The used market is actually doing pretty well right now. I know several Catalinas and apparently Bene's are holding or increasing their value right now. Depends on the models, I guess.

My theory on boats and te future... it is worth what you are about to pay for it:

I believe this year and next will see massive failures of boat companies, suppliers, third party manufacturers and others. I think a massive percentage of the dealers will go out of business. I think more now than ever, those companies that survive will directly market their boats to control their own costs.

I suspect that in 12 months you will see massvie numbers of boats on the market that were repo'd by the banks. THe banks will offer to sell them for cut rate prices and will offer them for LESS than they have in them... maybe much less. However, I believe that many of these boats will be severly neglected and serious need of maintenance. I mean come on, if you are going to let your boat go to repo, you certainly are not going to be changing the oil every 100 hours!! SO I believe it will be "Buyer Beware" on these boats.

I believe that many of the best boats will be the used boats that are directly sold by the seller or maybe broker. They will cost more than the repo'd boats of the banks, but in much better shape. They will cost a bit less than the new boats coming off the line directly from the manufacturers, but they will be better made and in the long run a better value. I think these boats will be harder to find but will see it through the economic crisis and beyond.

Those are my thoughts. But then again, I thought the Cowboys would go to the Superbowl, so my predictions have not been great lately!!!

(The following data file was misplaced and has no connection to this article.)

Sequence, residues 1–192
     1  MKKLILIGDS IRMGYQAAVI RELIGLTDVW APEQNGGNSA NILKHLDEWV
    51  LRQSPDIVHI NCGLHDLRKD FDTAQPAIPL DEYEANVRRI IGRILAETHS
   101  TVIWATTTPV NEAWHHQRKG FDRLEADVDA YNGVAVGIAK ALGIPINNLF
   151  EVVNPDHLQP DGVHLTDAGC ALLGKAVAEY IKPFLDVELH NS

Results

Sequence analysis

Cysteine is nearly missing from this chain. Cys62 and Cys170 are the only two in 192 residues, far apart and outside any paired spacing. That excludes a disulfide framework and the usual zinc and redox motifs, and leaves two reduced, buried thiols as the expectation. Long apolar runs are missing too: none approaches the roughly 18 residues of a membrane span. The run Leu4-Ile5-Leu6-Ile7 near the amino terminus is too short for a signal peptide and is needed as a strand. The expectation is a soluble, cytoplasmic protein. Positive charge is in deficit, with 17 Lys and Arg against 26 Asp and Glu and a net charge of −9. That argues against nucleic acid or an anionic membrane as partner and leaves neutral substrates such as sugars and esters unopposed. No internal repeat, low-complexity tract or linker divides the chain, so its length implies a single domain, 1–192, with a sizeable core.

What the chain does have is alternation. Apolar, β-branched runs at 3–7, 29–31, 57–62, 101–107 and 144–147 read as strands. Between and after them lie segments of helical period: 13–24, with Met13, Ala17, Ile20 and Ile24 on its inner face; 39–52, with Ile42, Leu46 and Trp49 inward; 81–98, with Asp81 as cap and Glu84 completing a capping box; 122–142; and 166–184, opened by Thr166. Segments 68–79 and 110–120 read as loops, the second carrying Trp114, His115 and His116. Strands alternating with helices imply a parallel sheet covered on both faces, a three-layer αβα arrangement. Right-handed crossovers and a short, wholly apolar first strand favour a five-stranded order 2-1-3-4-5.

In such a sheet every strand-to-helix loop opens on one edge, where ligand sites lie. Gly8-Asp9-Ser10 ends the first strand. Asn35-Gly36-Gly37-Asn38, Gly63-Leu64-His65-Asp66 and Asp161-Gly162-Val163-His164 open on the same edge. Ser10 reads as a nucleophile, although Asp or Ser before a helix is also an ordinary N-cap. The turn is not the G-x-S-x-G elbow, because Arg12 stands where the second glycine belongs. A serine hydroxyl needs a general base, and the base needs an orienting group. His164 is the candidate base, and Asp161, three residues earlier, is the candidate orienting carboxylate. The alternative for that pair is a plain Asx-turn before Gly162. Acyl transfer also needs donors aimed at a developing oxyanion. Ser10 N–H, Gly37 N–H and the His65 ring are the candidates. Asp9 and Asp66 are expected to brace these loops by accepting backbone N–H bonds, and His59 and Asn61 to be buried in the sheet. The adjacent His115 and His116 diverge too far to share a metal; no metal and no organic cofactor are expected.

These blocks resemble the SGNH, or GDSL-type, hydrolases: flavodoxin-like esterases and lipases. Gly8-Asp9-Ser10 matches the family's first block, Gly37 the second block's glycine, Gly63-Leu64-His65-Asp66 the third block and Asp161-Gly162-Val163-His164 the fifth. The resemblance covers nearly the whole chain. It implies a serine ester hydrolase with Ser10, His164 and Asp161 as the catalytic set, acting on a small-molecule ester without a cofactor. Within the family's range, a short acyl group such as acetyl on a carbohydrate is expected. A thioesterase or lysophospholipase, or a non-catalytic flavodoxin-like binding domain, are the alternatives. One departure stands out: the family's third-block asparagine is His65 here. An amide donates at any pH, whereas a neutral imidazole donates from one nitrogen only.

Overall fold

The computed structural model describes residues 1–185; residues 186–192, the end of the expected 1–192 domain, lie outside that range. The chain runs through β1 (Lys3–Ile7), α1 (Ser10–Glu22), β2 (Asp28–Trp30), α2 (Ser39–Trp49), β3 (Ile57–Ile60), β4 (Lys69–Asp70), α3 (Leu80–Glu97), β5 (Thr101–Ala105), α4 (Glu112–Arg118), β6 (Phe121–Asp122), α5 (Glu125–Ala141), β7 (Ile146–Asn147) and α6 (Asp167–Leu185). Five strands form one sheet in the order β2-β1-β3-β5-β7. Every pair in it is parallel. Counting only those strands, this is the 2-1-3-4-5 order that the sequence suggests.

Brian
02-09-2009 03:18 PM
rigamarole You can't always get what you want
You can't always get what you want
You can't always get what you want
But if you try sometimes you might find
You get what you need
02-09-2009 03:15 PM
rigamarole YD, Second quarter of 10 isn't that far away. I don't know your price range but new boats would require pulling the trigger now and used is about 4 months from offer to close. My situation is that I need a boat right now like I need VD but sometimes the opportunity is too good to pass up. (analogy, you get screwed with both)

One example of taking advantage of a market is Henry Ford. People think he became rich from selling cars, which he did. But his real wealth came during the depression when he bought the complete pipeline of assets needed to make a car for pennys on the dollar. This hopefully will be as close as we come to a depression in my lifetime and when opertunity knocks, I'm answering.
02-09-2009 02:51 PM
tommays Well

I think that many 401K type people have lost so much of there savings and now have it fresh in there minds how fast things can get BAD, that even if we recovered in a year it will take much longer for people to feel comfortable enough to commit to a BIG ticket item for that they WANT but dont NEED


And buying things we WANT on borrowed money is the root cause of the mess
02-09-2009 02:32 PM
CBinRI
Quote:
Originally Posted by yellowwducky View Post
Hi all,

I am curious what people think about the risk of this these days. We all know markets globally are terrible. Boat builders are on the ropes. Now maybe this bodes well for getting some good prices. On the flip side though, I see the risk that you get xyz co started on your boat and 3 months into it the company is out of business. What do you do then?

For instance, Poncin Yachts is currently working under creditor protection (extended to May 31 2009). So if you were thinking of getting one their new Catana's which are fairly popular cats, would you be happy placing an order for one? Now they mentioned in a press release that they got a few boats sold at the Paris boat show and thats great - but what are those buyers doing to protect themselves that a boat can even get completed?